This occurred days after Minister of Energy Udaya Gammanpila warned that the country’s existing supply of fuel could last only till Jan 2022. The state-owned Ceylon Petroleum Corporation (CPC) owing the 2 major government banks, the Bank of Ceylon and the People’s Bank, almost USD 3.3 billion is also a major issue. The country’s wholesalers of oil buy crude oil from the Middle East and processed products from various parts of the world, notably Singapore.
Chairman of CPC, Sumith Wijesinghe, was cited by news website – newsfirst.lk as stating, “We are actively engaged with the Indian High Commission here in order to secure the facility (USD 500 million credit line) under the India-Sri Lanka economic cooperation arrangement.” The facility, he claimed, will be used to buy diesel and petrol. Finance Secretary S R Attygalle was cited in the report as stating that the energy secretaries of India and Sri Lanka are anticipated to finalize an agreement of loan soon.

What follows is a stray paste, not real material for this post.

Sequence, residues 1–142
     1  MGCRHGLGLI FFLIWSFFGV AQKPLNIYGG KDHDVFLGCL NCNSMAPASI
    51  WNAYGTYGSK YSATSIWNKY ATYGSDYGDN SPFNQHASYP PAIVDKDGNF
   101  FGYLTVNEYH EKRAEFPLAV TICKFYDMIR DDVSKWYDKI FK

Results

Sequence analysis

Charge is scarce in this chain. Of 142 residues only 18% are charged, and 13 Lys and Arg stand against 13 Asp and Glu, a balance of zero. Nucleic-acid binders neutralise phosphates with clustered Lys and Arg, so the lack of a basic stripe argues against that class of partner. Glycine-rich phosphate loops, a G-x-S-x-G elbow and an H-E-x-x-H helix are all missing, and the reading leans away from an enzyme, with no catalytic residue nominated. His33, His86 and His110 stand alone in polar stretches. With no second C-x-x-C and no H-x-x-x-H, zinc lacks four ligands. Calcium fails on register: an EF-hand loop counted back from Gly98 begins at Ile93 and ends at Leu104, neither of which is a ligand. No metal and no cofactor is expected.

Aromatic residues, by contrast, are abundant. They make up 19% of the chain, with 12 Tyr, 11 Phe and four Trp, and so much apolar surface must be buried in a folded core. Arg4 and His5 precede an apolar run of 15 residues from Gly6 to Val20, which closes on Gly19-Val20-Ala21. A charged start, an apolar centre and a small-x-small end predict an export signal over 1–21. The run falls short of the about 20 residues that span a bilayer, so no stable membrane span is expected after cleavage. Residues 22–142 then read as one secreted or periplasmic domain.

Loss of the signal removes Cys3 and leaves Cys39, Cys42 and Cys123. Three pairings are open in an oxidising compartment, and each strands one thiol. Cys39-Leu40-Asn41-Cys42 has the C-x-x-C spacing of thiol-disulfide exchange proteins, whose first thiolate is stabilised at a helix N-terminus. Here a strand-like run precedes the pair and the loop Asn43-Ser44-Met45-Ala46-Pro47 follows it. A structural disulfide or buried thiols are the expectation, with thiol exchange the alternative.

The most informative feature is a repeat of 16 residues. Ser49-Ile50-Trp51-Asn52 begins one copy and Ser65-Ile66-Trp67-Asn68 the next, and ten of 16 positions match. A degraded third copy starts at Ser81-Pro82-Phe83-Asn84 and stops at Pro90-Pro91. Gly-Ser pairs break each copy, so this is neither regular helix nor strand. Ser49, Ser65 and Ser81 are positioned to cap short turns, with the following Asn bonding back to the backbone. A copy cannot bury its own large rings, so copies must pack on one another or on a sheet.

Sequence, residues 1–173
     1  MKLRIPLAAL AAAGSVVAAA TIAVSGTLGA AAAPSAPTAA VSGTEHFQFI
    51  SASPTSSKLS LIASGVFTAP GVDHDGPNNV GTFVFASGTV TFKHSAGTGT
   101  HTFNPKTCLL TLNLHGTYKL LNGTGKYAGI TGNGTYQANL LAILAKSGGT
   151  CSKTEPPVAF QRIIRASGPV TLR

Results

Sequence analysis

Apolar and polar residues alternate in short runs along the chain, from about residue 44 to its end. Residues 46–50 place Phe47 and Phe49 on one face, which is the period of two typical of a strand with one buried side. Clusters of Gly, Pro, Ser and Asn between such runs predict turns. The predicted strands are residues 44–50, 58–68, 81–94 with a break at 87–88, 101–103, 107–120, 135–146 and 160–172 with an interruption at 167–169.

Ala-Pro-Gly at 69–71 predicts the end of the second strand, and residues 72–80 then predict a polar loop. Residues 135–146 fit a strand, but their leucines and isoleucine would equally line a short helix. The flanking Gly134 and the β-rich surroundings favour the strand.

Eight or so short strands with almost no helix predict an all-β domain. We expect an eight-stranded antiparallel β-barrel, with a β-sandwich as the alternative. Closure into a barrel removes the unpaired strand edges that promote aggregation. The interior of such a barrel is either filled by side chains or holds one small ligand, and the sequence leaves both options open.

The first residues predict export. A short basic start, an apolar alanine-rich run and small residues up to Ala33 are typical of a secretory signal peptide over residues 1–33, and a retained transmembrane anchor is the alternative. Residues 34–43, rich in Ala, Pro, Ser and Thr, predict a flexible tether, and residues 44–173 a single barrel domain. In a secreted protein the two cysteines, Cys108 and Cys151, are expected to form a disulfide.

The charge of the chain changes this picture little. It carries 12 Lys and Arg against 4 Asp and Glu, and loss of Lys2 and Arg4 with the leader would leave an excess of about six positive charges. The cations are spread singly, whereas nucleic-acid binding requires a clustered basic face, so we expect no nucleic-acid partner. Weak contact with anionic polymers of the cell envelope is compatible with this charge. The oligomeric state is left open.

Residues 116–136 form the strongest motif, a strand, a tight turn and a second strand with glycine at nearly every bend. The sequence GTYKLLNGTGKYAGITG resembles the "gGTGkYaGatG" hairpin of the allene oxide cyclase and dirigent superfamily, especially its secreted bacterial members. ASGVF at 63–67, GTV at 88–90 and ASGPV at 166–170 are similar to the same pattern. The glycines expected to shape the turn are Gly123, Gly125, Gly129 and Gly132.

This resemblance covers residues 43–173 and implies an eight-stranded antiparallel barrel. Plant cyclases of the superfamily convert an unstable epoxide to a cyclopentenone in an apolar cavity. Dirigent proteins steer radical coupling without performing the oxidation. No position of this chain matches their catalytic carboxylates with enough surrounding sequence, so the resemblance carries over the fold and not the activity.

The administration has agreed to hold off on raising fuel prices at the retail level despite a recent spike in cooking gas and other necessities.
The rise in international price of oil has pushed Sri Lanka to increase its oil supply spending this year. In the first seven months of this year, the country’s oil expenditure increased by 41.5% to USD 2 billion, compared to the same period the year before.
According to Basil Rajapaksa, the Minister of Finance, Sri Lanka is experiencing a major foreign currency problem as a result of the pandemic’s impact on the country’s tourist and remittances revenues.
The coronavirus pandemic has thrown many things into disarray, and this news is not unexpected. After being hammered by COVID last year, several countries are struggling financially. It would be difficult for these countries to expand and flourish without the support of other countries. Overall, it will be fascinating to see how Sri Lanka manages its crude oil supply after receiving the loan from India in the year 2022.